The full set of photographs of the show are available at [url][/url].  A number of videos were also shot, and I hope they will start to trickle out as I get approvals/permission.

Stone Mountain LIVE’s special guests were Cheryl Wheeler and Kenny White.  Cheryl is a powerful songwriter, but Kenny simply wowed everyone (his song “My Recurring Dream” brought the house to it’s feet). We purchased their respective CDs and listened to them on the way home.

Technical drivel after the photos….

Within the constraints of being as unobtrusive as possible, I try to build on what I learned from the previous show to make the next shoot even better.  I shot video with the Canon 5D Mark 2 and the 70-200mm f/2.8 lens mounted on a tripod and the Libec H38 fluid head.  Because of the dinner layout I was again at the back of the room, so for the second set I tossed on the 1.4X teleconverter.  With the new HoodLoupe (see the earlier article on that little gizmo) I found it much easier to do the critical focusing tasks (even though I still managed to muck a few of them up… practice, practice, practice).

I recorded audio in both the camera and with an Edirol R-09 sitting on the shelf next to me.  Since I was along the wall the stereo imaging of the recording leaves a lot to be desired.  I also really need to move it AWAY from where I am because I was shooting stills with the 1D Mark 2 during the videos and the shutter release was quite audible because I was only a 2 feet away from the mic.  I ballparked the levels for the audio and guessed wrong — they were set a little too high and when the music got loud it was clipping  I’m sure the little clipping light was flashing madly, but it is on the FRONT of the recorder which is facing AWAY from me when recording so I didn’t notice and, frankly, there wasn’t an easy way to check.  That might be an advantage of the Zoom H4 — I think you can reposition the built-in mics.  Keeping the mic away from the video camera is a good idea too — there’s plenty of little noises like the stabilizer and shutter flaps.  I’m working my way up to getting a feed from the mixing board.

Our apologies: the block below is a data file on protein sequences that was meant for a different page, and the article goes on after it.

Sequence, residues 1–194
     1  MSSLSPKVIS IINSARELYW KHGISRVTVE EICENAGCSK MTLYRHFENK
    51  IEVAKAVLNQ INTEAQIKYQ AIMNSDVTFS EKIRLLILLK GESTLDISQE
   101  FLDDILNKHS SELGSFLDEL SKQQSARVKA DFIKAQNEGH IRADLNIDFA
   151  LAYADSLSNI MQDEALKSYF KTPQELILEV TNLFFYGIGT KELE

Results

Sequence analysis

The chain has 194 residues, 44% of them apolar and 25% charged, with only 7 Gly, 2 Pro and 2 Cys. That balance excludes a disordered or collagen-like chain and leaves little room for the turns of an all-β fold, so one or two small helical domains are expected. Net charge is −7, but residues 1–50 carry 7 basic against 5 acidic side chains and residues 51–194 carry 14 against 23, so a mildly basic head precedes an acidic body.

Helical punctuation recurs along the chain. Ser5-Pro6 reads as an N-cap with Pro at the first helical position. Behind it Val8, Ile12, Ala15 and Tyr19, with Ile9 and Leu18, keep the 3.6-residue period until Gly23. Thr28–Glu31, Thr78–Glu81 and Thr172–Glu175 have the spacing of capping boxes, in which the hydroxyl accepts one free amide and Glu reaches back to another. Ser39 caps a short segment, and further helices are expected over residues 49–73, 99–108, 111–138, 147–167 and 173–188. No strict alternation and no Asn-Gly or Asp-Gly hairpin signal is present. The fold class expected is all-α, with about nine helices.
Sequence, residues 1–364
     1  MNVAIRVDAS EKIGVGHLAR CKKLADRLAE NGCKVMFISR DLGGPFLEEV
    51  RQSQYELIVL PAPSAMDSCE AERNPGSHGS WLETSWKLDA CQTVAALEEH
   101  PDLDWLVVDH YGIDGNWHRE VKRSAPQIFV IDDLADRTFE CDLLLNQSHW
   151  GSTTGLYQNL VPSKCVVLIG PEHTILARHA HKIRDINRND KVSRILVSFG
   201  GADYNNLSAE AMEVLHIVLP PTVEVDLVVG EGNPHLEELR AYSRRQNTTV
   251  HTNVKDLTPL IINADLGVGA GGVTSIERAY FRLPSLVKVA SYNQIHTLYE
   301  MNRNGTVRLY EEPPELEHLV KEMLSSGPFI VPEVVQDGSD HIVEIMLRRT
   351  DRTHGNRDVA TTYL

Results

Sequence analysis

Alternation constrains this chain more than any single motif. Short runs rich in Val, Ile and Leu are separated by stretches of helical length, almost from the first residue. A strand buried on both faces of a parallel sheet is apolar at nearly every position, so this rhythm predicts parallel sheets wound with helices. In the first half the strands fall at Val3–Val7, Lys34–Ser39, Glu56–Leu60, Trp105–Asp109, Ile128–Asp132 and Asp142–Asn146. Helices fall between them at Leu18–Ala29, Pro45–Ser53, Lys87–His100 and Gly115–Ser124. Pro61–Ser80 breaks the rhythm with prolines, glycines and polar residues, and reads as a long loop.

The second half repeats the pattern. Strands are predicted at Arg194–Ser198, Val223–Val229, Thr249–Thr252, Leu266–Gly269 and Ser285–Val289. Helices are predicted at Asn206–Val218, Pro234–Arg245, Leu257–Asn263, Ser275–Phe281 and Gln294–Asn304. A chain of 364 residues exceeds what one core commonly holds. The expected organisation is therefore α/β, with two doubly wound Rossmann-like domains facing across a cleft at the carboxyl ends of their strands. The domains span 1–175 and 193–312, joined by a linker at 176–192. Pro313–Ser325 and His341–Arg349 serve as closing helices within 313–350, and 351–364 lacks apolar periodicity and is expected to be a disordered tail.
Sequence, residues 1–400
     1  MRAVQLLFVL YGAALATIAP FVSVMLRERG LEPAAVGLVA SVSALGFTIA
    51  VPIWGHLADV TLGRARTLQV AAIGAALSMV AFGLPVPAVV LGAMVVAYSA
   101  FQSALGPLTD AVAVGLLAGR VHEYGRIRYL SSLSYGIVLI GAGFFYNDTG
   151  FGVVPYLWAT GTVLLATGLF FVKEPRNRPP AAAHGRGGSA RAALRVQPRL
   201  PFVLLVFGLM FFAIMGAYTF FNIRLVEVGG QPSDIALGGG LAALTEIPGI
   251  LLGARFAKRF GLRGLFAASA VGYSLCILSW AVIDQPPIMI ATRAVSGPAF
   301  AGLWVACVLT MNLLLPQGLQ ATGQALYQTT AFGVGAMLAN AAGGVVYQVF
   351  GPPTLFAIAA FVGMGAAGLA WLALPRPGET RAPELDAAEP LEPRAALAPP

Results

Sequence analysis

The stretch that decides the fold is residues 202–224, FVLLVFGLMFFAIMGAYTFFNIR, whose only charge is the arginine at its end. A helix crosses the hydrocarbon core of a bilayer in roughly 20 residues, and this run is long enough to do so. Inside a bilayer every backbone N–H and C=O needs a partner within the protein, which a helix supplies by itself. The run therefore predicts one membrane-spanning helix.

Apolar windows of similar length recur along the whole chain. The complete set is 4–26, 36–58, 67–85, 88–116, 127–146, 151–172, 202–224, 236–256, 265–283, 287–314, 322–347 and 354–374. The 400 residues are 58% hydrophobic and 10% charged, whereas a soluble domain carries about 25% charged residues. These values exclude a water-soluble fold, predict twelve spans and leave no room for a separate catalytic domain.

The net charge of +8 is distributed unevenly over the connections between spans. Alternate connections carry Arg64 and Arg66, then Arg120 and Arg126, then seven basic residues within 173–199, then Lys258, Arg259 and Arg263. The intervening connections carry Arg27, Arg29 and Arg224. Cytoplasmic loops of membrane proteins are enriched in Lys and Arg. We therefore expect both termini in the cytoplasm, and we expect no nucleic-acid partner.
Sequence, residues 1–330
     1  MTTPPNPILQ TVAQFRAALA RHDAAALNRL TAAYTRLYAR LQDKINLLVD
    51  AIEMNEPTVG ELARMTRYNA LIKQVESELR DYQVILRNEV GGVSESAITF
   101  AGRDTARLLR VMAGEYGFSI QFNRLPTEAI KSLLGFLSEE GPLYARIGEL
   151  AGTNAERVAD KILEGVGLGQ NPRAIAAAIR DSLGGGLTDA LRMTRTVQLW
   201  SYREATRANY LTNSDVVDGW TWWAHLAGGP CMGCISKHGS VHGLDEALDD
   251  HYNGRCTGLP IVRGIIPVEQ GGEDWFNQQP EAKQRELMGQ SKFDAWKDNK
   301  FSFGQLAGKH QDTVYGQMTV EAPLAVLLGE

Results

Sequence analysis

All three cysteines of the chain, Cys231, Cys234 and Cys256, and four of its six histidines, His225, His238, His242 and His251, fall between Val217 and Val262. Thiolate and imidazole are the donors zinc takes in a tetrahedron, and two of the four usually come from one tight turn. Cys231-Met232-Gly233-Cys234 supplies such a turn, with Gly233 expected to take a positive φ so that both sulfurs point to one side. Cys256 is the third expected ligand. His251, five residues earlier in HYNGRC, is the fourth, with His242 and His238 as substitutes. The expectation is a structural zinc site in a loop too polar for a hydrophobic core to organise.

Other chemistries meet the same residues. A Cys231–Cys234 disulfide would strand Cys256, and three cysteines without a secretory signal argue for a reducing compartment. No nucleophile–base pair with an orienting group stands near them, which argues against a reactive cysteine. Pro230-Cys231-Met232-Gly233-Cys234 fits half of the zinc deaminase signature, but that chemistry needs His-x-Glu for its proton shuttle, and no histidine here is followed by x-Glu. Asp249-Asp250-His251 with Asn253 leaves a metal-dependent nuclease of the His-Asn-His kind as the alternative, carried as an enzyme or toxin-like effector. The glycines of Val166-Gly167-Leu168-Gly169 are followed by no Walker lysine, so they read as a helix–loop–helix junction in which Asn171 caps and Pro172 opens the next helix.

I fed the separately recorded audio into GarageBand, tossed some compression and EQ on it, and  it sounds pretty decent (except, of course, for the clipping) — far better than the AGC audio from the 5D’s built-in microphone.

In the “you can never have too much storage” department – I purchased a 16GB card for the 5D and chewed through it in the first set.  The fallback was a set of 4GB cards which had the annoying habit of filling up in the middle of a song…  Sigh!